The word “assassin” is a term that has been used to describe a group within the Nizari Ismaili state, formed when followers split within a branch of Shia Islam.
The true origins of the name have been debated for centuries among historians, with one such theory holding that assassin has its roots in “hashshāshīn” – meaning hashish smokers or users. The spread of the term was further facilitated by the encounters of historians and chroniclers who spread it further across Europe, telling gruesome tales of a warrior sect hiding in isolated mountain fortresses.
The Nizari Ismaili state was founded by Hassan-I Sabbah, who was born around 1050 AD. in a family from the city of Qom, Iran. In his early years, Hassan developed a keen interest in metaphysical matters and academia, studying palmistry, foreign languages, philosophy, astronomy and mathematics.
Much of Hassan’s life is speculated or written by third-party sources, but biographer Rashid-al-Din Hamadani records Hassan’s arrival in Egypt to study as a missionary on 30 August 1078 AD.
The people who have been described as a sinister order of assassins
Hassan toured extensively throughout Persia, debating his teachings and views on religious doctrine with religious leaders. His travels reached the shores of the Caspian Sea and the Alborz Mountains in the Rudbar region, where he sought a base from which to guide his mission.
Around 1090 AD, Hassan and his followers captured Alamut Castle using an elaborate infiltration strategy to trick the garrison. With a foothold established in the region, he expanded his influence by capturing strongholds in Rudbar and built new fortresses at strategic points for defense and trade.
The rapid expansion of his territory did not go unnoticed and Alamut was soon attacked by the larger forces of the nearest Saljuq amir, marking the initiation of an endless series of Saljuq-Isma’ili military confrontations.
In less than two years after the conquest of Alamut, Hasan and his followers conquered several cities in the Quhistan region – establishing an independent territorial Nizari state for the Persian Ismailis in the midst of the Saljuq sultanate, of which Hasan would be the ruler.
What did the assassination strategy entail?
In 1092 AD, the Saljug launched several major expeditions against the Isma’is in both Rudbar and Quhistan. These skirmishes came to an abrupt halt with the assassination of the Saljug vizier, Nizam al-Mulk, by a disguised Nizari fighter, followed by the death of Sultan Malik-Shah just weeks later.
This disorder allowed Hassan to consolidate his power and seize the strategic fortress of Lamasar (Lanbasar), west of Alamut, and the fortress of Girdkuh near Damgan.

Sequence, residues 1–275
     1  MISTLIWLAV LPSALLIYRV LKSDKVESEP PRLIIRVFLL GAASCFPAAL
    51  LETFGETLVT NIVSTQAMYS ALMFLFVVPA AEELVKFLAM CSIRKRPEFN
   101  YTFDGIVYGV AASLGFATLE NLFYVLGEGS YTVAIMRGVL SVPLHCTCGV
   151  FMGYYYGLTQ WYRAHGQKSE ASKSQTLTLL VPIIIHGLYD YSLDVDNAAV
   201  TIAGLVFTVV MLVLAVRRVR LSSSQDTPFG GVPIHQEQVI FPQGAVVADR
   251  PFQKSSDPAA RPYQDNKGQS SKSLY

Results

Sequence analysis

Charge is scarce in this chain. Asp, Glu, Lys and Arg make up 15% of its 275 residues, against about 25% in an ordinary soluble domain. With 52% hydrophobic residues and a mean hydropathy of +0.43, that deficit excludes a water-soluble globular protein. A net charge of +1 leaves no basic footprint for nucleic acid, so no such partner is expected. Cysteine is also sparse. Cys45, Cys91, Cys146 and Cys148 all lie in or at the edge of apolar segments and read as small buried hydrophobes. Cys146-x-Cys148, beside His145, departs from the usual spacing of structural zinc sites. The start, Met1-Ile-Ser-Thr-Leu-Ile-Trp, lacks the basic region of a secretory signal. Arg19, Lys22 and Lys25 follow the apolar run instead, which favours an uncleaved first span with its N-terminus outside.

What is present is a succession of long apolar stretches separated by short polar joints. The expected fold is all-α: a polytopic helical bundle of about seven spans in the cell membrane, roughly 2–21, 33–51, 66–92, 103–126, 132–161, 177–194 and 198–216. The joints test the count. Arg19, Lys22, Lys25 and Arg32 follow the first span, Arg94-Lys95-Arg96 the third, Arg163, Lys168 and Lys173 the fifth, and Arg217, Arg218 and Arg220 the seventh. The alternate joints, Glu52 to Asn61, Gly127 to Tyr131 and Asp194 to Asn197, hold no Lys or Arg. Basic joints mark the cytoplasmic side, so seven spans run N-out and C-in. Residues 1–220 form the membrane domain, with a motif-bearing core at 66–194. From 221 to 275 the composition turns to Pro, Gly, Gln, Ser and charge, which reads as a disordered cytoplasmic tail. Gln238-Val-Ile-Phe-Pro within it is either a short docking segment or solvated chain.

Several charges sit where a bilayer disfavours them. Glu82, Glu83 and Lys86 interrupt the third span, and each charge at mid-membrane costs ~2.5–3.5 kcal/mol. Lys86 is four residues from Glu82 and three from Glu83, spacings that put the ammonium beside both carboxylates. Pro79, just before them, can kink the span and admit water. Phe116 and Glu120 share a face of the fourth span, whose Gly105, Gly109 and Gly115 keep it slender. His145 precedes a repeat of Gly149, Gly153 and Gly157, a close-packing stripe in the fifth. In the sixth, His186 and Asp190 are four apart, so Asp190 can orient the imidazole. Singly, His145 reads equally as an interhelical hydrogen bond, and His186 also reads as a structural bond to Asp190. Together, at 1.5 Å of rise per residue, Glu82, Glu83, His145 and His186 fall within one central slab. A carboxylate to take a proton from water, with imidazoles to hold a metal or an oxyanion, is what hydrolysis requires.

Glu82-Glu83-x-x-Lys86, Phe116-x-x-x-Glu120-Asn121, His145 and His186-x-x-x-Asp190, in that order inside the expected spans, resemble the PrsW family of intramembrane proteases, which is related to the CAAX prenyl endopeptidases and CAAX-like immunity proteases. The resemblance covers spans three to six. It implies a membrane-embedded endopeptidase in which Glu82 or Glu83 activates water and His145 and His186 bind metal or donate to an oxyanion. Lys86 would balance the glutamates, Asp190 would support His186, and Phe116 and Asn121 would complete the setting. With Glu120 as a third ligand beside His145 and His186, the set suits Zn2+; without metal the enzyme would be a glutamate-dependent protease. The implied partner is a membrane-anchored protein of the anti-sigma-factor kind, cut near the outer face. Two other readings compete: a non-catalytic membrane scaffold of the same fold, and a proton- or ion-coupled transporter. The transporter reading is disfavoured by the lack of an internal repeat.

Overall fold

Hassan devised a strategy to decentralize the political and military power of the Saljuq Sultanate. He established a network of agents, who infiltrated the households of enemy figures and assassinated them.
This assassination strategy was soon identified with the Nizari Ismailis, marking them in history as a feared elite group of assassins.
A feared elite group
In the 12th century AD, Hassan began sending subordinates to Syria to propagate the Nizari teachings. However, it would be nearly half a century before an affiliated Syrian branch would establish itself in the region and establish itself under the leadership of a subordinate of Hassan, Rashid ad-Din Sinan.
Rashid managed to enjoy considerable independence from the Persian Nizaris. The scriptures even ascribe to him a semi-divine status. Rashid would play a prominent role in the regional politics of the time, orchestrating various assassination attempts and shifting alliances with Salah al-Din (Saladin), the Crusaders, and other regional powers to protect the independence of his community.
The most notable assassination by the Syrian order was that of Conrad of Montferrat, a few days before he was crowned king of the Crusader Kingdom of Jerusalem in 1192 AD. In the mid-12th century, the affiliated Syrian branch captured several fortresses in the Nusayriyah mountain range, but they were later annexed by Sultan Baibars.
From that time, the Syrian-affiliated Ismailis retained limited autonomy over these former strongholds as vassals of the Mamluks.
During the reign of the Mongol ruler Güyük Khan (1206 – 1248 AD), the Mongols’ expansion plan involved conquering Islamic states to reach West Asia. During this period, the Ismaili state of Nizari was one such significant barrier, fortified with over fifty fortresses that could slow the Mongol advance.
The first Mongol attack against the Nizari Ismailis took place in April 1253 AD, when many of the fortresses were lost to the Christian Mongol general Ket-Buqa. The Mongols finally reached the founding fortress of Alamut in 1256 AD, writes Heritage Daily.
Mercenaries for the kings of Hungary
With the fall of the Nizari Ismailis state, the remnants of the Syrian branch were absorbed into the territories of Sultan Baibars. Historian Yaqut al-Hamawi speculates that the Böszörmény, (Izmaleite or Ismaili/Nizari), denomination of Muslims who lived in the Kingdom of Hungary between the 10th and 13th centuries AD. they were employed as mercenaries by the kings of Hungary.
Dr. Ismail Balic writes in “Traces of Islam in Hungary” that “Islam was first brought to the country by the Ismailis (in Izmaelitak or Boszormenyek)”.
The Institute of Ismaili Studies states that the assassins of the Ismaili Nizari state were “elaborated over the years, with legends culminating in Marco Polo’s account that the Nizari leader controlled the behavior of his followers through the use of hashish and a secret garden of paradise.” .
So influential were these stories that the word “assassin” entered European languages as a common noun for murderer, and the Nizari Ismailis were described not only in popular mythology but also in Western scholarship as a sinister order of assassins.